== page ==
With new lens of equity, Alliance releases 2023 Community Checkup

Since 2008, the Washington Health Alliance has been reporting on the quality of care in our state, and we continue to endeavor to add impactful insights into the Community Checkup to better help purchasers, health plans, and providers understand where they can collectively begin to tackle health care challenges.

This year we introduce new components to understand how the neighborhood you live in can impact your health and to highlight the importance of having a primary care provider.

The Alliance remains committed to transparency and trusted, credible reporting on health care quality, cost, and value. Our reporting relies on a voluntary All-Payer Claims Database, covering more than 4 million Washington residents, well over 50% of the state’s population having commercial insurance or Medicaid coverage. These claims, from Jan. 1 through Dec. 31, 2021, show results from all the Accountable Communities of Health (ACH), more than 1,900 clinics, 300 medical groups, 100 hospitals, 16 health plans, and all 39 counties in Washington.

Read the Alliance’s Community Checkup highlight report. 

New this year, we have introduced the lens of equity to help sharpen the focus on where actions can yield tangible results. Leveraging the Neighborhood Atlas (the Area Deprivation Index or ADI), a tool validated by the University of Wisconsin School of Medicine and Public Health, we are reporting for the first time that all too often our least advantaged neighborhoods receive a substantively lower quality of care.

Where you live matters. For example, if you live in a more socioeconomically disadvantaged area, you may not be receiving cancer screenings at the same rate compared to those in more privileged areas. Similarly, less than 40% of commercially insured children get appropriate well-care visits when they live in more disadvantaged locations.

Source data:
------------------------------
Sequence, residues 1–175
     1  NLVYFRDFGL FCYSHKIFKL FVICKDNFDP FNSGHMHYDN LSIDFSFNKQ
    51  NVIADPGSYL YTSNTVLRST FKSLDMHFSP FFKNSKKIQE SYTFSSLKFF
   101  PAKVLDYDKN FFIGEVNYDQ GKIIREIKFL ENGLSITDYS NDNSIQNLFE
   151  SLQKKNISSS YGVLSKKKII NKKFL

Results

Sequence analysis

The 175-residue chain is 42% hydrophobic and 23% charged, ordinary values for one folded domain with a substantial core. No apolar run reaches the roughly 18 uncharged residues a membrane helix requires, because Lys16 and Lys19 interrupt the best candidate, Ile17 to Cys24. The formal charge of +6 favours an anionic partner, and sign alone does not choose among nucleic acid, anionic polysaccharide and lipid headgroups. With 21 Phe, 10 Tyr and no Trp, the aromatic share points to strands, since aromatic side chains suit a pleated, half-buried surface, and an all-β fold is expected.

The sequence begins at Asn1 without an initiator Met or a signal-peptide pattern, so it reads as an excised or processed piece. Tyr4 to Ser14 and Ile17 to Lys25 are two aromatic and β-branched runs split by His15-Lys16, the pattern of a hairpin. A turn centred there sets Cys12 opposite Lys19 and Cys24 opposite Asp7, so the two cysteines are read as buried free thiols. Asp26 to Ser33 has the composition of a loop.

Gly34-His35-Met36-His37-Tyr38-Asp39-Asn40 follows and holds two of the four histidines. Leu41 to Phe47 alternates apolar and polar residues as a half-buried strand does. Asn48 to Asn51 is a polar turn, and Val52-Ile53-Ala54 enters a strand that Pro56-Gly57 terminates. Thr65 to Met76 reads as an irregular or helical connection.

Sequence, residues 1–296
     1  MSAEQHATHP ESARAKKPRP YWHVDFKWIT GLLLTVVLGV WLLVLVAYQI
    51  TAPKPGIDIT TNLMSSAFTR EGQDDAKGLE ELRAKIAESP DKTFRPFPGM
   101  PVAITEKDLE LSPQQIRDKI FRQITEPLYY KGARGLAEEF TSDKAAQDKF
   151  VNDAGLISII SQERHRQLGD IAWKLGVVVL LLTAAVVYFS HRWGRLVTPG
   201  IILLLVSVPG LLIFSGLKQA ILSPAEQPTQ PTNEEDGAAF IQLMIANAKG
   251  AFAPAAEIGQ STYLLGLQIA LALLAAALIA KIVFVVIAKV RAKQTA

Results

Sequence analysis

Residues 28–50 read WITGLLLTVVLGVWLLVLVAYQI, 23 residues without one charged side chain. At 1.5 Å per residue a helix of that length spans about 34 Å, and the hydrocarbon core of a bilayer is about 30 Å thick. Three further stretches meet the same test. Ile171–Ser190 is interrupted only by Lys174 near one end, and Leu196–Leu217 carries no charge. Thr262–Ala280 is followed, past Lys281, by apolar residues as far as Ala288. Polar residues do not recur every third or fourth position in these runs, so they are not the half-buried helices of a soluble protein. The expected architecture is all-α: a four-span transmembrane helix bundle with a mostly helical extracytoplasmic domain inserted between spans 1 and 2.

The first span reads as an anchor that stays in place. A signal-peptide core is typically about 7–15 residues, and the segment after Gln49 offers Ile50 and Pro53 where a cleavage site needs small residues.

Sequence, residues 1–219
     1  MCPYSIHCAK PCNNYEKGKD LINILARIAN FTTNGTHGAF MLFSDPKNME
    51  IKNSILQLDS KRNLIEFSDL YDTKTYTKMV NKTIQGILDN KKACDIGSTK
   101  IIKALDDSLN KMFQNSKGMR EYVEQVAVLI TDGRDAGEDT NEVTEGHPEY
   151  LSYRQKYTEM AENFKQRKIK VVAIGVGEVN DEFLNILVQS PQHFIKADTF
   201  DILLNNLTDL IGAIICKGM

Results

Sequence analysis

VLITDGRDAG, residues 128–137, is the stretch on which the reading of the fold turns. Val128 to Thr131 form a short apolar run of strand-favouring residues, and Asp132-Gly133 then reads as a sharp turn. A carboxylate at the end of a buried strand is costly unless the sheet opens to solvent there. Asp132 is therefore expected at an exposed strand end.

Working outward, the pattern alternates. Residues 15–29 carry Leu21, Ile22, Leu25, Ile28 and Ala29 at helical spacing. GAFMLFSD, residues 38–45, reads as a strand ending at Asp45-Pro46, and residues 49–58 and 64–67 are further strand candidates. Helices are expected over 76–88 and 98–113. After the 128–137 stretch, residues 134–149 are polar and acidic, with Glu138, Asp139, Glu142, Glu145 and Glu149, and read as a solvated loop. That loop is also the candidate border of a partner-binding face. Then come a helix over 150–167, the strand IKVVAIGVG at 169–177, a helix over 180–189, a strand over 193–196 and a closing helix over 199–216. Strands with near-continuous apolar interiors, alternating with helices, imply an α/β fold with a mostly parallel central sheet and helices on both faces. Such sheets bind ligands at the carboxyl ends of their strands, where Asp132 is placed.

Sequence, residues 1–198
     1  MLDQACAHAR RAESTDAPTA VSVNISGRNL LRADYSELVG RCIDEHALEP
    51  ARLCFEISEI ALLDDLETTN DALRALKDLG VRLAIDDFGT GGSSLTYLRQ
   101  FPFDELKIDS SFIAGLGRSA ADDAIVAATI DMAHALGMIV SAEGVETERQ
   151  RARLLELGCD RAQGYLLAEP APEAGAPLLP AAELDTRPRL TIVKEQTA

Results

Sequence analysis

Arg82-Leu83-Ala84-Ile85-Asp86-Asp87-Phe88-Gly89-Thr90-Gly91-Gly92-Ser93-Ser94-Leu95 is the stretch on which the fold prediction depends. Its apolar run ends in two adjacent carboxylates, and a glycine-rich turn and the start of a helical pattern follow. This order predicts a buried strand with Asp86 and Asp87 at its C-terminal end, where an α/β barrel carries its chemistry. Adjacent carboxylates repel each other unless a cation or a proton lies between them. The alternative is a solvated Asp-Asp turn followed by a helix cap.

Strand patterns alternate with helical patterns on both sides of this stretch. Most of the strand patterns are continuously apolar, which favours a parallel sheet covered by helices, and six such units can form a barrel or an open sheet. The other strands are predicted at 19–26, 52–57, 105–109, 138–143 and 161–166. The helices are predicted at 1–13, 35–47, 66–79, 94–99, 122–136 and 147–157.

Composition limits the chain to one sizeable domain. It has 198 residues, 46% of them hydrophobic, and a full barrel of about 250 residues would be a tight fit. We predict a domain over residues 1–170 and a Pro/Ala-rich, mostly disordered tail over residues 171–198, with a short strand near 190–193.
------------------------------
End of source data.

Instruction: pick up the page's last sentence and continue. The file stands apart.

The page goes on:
View the full Quality by Area Deprivation Index Highlight.

Do you really need a primary care provider? The quick answer is yes! This is the first year we report quality results for people who have claims but do not have an attributed primary care provider (PCP). For Washingtonians without a PCP, the ability to receive the appropriate care is significantly inadequate. For example, of commercially insured women without a PCP, only 36% receive recommended breast cancer screening. For those with a PCP, that rate can go as high as 91%, almost a three-fold difference.

View the full Variations in Health Care Quality Highlight.

Clinical care across the country was impacted by the Covid-19 pandemic. However, clinical processes and outcomes as reported by the National Committee for Quality Assurance continue to improve nationally. Unfortunately, those same measures of quality in Washington have mostly remained flat in comparison. While we aspire to rank at or above the national 90th percentile, we find ourselves below the 50th percentile on more than 70% of these measures. The health care system is failing Washingtonians on dozens of quality measures that could dramatically improve their health, allowing people to contribute to their communities, remain productive in their jobs and improve the affordability of care overall.

It is well documented that almost half of families are having significant difficulty with the costs of healthcare. High-quality care is paramount; however, it must come at a reasonable cost. Families should not have to choose between housing, transportation, food, and healthcare. Too often, delays in care are due to the financial rationing choices that people are forced to confront. Health care value means we have a system that delivers appropriate, high-quality care at a reasonable cost that is also affordable for families. Failure to do so will further widen the care gap that most often impacts our vulnerable communities.

We all have a lot of work ahead of us to catalyze change in Washington’s health care system. This must be a collective effort. It begins with everyone making a choice to change.


Drew Oliveira, MD, MHA
Executive Director
Washington Health Alliance